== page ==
Chicken House/Scholastic: 328 pp., $17.99
Whether it's telekinesis, telepathy, clairvoyance, magic or ESP, otherworldly powers have long captivated young readers, empowering them, through fantasy, to believe that anything is possible. Employed by the likes of William Shakespeare, J.R.R. Tolkien, Stephen King and J.K. Rowling, one would think that the permutations of psychic abilities had been exhausted.
Enter "Numbers," about a teenage girl in England's foster care system who is able to see people's death dates when she looks into their eyes. This burden of a "gift" is the intriguing premise of an action-packed, emotional roller coaster of a debut young adult novel from British author Rachel Ward.
Fifteen-year-old Jem has been able to see these numbers as if "they were stamped on the inside of my skull" since she was a child, she says early on. The first number she saw was that of her mother, who died on cue from a heroin addiction, revealing to Jem what the numbers she was seeing really meant. Now Jem, who was the product of a one-night "toss" by her junkie "mum," avoids making friends and otherwise getting close to people.
Ward does an excellent job of tapping the psyche of a teen who's victim to such grim knowledge. Angry at the world and everyone in it, Jem lashes out at her teachers, her foster mother -- anyone who tries to help or befriend her. She degrades and distrusts anyone of authority. She doesn't take pride in, or play up, her appearance, choosing instead to make herself as unappealing and unlikely to get emotionally hurt as possible. She's completely guarded and unself-aware -- until she meets a classmate during an after-school self-pity party at the local juvie hangout, a London canal. Spider is a lanky black teen who, Jem can see, will be dead in a mere two weeks. But there's something about his sense of humor, his nihilism, that draws her near. So begins their friendship, as they bond over their lack of a future growing up in London's underclass outskirts, and it quickly buds into romance.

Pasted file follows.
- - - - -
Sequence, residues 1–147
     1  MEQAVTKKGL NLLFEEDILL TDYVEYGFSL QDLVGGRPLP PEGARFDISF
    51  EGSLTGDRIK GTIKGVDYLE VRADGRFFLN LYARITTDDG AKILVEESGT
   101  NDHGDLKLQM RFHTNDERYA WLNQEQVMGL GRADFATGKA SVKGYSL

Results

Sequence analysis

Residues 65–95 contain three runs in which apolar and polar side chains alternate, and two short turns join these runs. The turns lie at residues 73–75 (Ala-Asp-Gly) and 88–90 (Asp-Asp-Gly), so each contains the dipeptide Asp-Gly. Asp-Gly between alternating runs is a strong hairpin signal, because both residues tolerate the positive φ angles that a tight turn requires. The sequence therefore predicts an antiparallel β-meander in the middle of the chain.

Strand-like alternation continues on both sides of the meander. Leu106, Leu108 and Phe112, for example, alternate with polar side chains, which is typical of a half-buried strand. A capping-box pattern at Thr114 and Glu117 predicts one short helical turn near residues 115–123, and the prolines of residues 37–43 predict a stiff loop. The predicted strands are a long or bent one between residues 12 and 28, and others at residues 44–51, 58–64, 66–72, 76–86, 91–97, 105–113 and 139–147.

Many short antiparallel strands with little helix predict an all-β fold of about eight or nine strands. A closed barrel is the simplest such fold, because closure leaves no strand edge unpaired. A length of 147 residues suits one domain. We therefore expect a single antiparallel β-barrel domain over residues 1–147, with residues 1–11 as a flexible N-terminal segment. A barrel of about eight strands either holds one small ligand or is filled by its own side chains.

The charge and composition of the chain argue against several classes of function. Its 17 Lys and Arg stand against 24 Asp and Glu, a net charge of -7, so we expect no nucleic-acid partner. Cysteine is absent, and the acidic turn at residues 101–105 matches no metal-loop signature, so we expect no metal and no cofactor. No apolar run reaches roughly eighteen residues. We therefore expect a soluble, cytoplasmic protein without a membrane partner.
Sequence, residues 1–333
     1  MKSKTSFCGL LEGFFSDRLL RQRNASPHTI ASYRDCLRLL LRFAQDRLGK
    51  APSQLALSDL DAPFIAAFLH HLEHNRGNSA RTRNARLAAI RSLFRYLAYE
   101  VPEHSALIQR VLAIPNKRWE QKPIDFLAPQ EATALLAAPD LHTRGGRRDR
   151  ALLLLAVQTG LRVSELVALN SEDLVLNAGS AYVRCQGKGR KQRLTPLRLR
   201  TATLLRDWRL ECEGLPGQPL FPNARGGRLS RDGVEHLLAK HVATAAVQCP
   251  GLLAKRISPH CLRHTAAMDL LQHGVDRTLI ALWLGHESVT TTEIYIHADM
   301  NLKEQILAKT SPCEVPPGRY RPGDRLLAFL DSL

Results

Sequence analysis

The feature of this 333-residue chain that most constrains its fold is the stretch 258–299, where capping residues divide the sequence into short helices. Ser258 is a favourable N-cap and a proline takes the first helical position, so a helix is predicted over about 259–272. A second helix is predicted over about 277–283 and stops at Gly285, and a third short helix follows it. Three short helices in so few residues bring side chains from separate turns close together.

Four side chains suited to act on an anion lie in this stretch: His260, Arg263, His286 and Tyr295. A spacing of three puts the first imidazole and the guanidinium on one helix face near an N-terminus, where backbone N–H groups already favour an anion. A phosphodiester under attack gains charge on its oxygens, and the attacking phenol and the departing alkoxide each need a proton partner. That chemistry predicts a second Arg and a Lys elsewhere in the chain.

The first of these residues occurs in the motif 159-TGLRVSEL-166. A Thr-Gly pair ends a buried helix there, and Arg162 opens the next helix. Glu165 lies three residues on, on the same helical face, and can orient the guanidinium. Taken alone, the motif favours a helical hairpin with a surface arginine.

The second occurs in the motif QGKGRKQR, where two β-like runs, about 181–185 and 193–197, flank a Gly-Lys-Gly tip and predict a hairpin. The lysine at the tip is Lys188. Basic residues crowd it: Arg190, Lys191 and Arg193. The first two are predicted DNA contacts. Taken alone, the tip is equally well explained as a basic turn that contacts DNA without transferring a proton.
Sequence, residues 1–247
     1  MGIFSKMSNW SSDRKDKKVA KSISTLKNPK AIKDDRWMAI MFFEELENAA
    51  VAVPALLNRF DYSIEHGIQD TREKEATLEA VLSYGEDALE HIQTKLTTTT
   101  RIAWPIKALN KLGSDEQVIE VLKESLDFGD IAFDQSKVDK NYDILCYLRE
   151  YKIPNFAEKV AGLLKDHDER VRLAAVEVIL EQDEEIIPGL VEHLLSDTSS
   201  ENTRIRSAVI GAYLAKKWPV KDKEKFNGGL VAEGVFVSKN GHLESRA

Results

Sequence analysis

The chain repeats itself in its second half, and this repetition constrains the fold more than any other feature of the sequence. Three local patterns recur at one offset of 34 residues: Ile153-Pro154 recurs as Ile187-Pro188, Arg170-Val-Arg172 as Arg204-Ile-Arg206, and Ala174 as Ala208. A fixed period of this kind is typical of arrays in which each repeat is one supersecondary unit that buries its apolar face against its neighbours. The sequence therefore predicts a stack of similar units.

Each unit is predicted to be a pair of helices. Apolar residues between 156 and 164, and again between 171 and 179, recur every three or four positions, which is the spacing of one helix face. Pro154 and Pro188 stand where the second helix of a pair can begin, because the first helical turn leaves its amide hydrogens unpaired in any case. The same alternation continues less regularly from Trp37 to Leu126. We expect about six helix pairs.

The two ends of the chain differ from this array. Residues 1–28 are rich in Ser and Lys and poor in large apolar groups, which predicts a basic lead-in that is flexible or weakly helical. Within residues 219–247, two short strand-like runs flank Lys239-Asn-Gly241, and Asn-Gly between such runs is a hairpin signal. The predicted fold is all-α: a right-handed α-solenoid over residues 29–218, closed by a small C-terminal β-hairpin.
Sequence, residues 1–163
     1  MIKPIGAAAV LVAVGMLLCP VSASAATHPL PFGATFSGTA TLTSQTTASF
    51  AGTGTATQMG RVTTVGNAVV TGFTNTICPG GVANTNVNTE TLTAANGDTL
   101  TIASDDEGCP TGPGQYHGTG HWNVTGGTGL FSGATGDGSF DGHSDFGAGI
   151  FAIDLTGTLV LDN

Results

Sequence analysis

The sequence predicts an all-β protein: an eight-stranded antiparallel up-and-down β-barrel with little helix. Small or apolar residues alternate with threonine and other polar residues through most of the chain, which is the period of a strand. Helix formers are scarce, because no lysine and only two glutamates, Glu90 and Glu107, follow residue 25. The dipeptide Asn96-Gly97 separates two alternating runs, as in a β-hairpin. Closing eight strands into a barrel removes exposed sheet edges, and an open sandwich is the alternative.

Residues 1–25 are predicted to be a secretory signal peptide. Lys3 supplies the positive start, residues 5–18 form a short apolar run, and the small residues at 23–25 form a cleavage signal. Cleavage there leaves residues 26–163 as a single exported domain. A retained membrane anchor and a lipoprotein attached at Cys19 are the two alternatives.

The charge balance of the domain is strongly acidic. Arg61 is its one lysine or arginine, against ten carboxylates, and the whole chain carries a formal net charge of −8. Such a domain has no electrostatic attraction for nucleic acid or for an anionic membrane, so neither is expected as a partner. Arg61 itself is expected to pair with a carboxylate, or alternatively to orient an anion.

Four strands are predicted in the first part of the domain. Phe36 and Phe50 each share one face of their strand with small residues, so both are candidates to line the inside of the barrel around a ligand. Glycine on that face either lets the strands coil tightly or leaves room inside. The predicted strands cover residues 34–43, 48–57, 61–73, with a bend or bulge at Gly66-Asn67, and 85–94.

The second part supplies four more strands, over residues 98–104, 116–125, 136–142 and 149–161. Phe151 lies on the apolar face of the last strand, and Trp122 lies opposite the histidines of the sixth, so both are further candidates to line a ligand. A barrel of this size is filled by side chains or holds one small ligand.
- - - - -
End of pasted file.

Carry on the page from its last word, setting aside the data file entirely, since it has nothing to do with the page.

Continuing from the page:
One day, while playing hooky, Jem and Spider find themselves at the center of an imminent terrorist bombing. Jem notices that everyone around them has that day's date as their number, so the two flee the scene. Caught on camera and later televised as possible suspects, the two go on the lam, and Jem has to learn to trust someone for the first time since she was a child.
In Ward's hands, Jem is entirely believable and relatable, even if the situation in which she finds herself is not. But that's what makes this book such a page-turner. What starts as a simple extrasensory gimmick grows into an increasingly engrossing and au-courant plot line involving terrorism, class tensions and youth. While peppered with "shed loads" and "poxy" and other Anglo slang terms whose meanings aren't entirely clear, one thing is certain: Ward's "Numbers" is ace.
Carpenter is a Times staff writer.